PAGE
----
Next MCS meeting will be at Carnforth Working Men’s club, NOT at Capernwray (which does not open late evenings until May).
In an excellent talk on the 13th March, Jean Wilson (Blackpool and Fylde College) spoke about fish evolution. The talk followed the development of key characteristics in modern fishes, from the development of the notochord (sea squirts), pharyngeal slits (lancelet), gills, the jaw, cartilaginous (sharks and rays) and bony skeletons. The talk was illustrated both with fossil evidence, and modern examples of more primitive fishes.
The talk was very well presented – with a number of props and completed with a dissection of a hagfish!
An inch of snow greeted early risers in Lancaster on Saturday morning – but the weather held off with just a little wind-blown snow to add to the atmosphere on the walk. This was a repeat visit by the group to Walney – (last visited in summer 2009).
Many thanks to Gordon for organising a very pleasant day out!
We have two planned trips to the Oban area later in 2013; on the 28th March and 10th May. At our meeting on Wednesday 13th February the trip organisers (Barry and Gordon) spoke about some possible survey activities that could be undertaken on these visits.
Barry focused on Gallanach, to confirm the presence of Funiculina quadrangularis, and the Wormery in Loch Creran, to confirm the identity of the blue worms photo’d in 2012 (MCS dive trip to Oban (Sept 2012))
Gordon looked to explore new areas around Loch Creran. He also noted that the tides during our trip in March might give us some very good drifts through the Creran Narrows.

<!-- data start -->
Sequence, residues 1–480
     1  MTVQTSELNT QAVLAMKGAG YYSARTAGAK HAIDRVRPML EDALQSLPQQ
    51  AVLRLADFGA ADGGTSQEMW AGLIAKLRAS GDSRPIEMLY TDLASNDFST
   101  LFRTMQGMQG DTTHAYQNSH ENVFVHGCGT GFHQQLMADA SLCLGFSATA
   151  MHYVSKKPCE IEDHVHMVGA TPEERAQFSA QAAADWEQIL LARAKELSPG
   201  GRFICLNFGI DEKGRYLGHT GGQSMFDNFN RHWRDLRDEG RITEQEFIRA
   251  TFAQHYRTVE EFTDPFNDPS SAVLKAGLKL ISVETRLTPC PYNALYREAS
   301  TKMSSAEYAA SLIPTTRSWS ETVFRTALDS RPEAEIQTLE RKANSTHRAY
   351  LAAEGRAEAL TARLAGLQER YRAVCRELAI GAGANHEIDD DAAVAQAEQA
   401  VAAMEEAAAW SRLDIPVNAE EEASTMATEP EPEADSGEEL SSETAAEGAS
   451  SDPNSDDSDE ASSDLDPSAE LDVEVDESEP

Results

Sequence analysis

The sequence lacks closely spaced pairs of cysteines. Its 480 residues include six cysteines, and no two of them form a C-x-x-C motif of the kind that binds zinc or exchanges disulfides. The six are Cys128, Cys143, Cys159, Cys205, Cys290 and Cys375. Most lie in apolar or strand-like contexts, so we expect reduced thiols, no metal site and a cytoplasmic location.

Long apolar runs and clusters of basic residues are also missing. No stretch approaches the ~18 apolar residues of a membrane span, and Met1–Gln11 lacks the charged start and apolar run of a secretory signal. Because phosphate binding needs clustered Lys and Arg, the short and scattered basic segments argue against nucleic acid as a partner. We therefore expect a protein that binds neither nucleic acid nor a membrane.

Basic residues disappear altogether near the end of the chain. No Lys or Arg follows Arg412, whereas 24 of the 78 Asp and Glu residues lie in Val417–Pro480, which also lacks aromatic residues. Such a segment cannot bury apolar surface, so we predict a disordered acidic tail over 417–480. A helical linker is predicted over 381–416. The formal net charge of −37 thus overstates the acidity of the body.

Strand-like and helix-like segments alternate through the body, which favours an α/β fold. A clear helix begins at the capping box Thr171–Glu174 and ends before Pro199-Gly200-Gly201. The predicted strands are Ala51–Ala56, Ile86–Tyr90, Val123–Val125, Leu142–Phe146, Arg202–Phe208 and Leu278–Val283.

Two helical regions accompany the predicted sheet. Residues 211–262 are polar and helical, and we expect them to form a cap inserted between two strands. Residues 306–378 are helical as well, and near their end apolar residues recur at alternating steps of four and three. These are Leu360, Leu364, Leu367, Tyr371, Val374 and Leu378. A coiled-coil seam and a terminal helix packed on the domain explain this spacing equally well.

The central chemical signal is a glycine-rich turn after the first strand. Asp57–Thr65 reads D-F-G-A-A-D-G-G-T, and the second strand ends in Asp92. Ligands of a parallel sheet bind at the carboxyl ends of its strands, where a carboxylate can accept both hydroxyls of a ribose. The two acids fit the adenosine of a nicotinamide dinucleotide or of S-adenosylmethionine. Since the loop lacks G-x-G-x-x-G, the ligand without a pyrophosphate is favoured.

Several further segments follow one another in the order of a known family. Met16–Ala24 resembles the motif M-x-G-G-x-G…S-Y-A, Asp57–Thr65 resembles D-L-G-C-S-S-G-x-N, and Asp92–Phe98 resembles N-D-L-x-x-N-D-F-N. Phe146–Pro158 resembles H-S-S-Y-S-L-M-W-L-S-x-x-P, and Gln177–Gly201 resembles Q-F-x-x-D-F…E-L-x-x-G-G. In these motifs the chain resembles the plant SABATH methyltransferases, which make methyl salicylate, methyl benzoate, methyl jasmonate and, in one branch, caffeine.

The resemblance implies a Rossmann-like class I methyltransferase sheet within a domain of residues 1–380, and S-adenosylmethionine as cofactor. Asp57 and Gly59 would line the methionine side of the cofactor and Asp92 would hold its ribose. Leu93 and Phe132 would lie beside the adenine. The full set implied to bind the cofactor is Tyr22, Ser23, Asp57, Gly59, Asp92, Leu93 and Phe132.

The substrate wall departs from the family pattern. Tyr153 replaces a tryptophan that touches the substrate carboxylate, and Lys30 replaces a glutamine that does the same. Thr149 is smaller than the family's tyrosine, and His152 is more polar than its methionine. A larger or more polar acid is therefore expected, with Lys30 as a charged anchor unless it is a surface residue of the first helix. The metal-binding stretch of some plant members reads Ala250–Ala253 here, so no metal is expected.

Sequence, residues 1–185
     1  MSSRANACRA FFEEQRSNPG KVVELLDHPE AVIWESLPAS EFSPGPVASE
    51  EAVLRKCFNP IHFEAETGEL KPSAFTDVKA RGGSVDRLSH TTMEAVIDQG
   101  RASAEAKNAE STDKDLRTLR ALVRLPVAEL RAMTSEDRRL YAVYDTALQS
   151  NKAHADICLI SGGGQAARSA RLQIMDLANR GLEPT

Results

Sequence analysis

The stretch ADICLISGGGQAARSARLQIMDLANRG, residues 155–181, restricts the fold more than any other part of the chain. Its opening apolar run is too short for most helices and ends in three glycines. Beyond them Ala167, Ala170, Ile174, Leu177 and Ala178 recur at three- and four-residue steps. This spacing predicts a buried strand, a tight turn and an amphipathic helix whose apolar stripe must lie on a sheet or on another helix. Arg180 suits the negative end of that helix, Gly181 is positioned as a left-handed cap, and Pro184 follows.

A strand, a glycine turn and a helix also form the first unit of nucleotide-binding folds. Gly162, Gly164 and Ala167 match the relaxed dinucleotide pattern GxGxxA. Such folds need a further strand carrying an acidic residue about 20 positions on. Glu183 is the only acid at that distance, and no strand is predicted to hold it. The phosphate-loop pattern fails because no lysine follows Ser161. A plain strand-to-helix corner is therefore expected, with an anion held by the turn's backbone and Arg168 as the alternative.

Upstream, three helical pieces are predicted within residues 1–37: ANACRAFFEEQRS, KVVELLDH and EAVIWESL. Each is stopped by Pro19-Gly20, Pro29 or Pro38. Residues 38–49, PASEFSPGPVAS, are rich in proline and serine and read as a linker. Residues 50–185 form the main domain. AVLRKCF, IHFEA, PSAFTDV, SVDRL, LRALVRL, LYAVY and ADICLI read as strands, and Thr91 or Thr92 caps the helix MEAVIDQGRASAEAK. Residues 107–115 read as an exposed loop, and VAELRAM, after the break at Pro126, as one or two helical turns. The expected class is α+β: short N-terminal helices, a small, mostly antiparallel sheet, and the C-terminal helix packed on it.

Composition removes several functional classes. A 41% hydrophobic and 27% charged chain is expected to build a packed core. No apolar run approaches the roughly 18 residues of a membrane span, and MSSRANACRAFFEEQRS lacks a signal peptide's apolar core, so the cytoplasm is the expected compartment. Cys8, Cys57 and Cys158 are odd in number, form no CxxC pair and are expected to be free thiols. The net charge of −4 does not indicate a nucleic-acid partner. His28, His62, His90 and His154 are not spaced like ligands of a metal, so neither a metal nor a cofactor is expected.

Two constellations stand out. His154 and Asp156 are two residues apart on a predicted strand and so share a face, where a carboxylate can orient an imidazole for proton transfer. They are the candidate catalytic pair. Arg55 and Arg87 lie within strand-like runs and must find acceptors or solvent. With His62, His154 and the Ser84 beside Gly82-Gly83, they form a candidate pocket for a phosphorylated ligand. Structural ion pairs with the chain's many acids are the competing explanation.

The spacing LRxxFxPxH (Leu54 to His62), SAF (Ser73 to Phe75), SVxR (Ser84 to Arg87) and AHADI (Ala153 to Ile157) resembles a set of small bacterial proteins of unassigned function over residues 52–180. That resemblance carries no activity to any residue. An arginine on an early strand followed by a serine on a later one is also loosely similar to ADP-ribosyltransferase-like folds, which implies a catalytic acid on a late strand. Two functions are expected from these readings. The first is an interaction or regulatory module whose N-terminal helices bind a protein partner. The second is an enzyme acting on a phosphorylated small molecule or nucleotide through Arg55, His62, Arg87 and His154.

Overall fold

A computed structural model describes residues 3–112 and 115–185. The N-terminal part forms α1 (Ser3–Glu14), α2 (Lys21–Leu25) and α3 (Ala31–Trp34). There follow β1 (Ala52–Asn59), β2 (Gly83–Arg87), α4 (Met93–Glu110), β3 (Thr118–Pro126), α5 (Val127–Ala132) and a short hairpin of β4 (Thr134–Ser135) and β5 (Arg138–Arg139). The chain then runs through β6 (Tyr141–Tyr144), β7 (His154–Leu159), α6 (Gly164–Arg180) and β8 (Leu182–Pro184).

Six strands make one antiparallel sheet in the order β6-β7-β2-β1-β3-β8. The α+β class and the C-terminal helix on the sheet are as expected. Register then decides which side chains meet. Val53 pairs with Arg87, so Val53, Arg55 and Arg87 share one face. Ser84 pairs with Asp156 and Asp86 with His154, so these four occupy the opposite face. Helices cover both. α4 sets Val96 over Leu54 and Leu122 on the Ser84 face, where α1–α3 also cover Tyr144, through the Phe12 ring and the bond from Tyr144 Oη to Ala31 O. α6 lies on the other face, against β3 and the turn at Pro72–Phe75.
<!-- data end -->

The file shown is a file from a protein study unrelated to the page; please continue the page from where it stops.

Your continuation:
Thanks to everyone to turned out for this meeting – in pretty horrid weather!
Gallanach, near Oban, is an old favourite of the group, with an interesting dive from the camping field on the shore. This year we carried out some preliminary survey work here, and at the inner basin in Loch Creran, with the option of extending it into a broader project next year for everyone to get their teeth into. We also had one dive on the wormery in Loch Creran – where we spotted a number of blue variants of the reef building worm Serpula vermicularis (previously we have reported a colour range between white and brick red).
One of the nice surprises at Gallanach was a cooperative curled octopus (Eledone cirrhosa, shown above), who hung about for a few photographs.
We are currently working up the dive notes for a first stab at a survey for our survey pages.
Images and sea-life survey information from the Lancashire MCS group’s dives around Calve Island, Tobermory Bay have been converted into a display at the Mull Visitor Centre. We hope this will encourage people to take more interest in the (usually) unseen wildlife around our coasts, and recognise it as forming unique and precious ecosystems.
Visit Mull visitor centre, Tobermory for opening times and other information.
Last month’s meeting on Surveying the Piel Channel, by Ron Crosby, drew another big turn out. The Piel Channel is one of the very few satisfactory shore dives along the coasts of Lancashire and Cumbria. Our coastline has very gently sloping muddy bottoms.These make them very susceptible to disturbance from wind or tide, resulting in very poor visibility. It is not that there is no life here – quite the opposite, but it is often dug in and hard to see…
By contrast the tidal race of the Piel channel cuts the boulder-clay sediment to a depth of about 12m within a few metres of the shore. While visibility is still often very poor, the comparatively steep profile means tat all of the life in the bay is compacted into a small area, and a wide range of habitats is very easily accessible.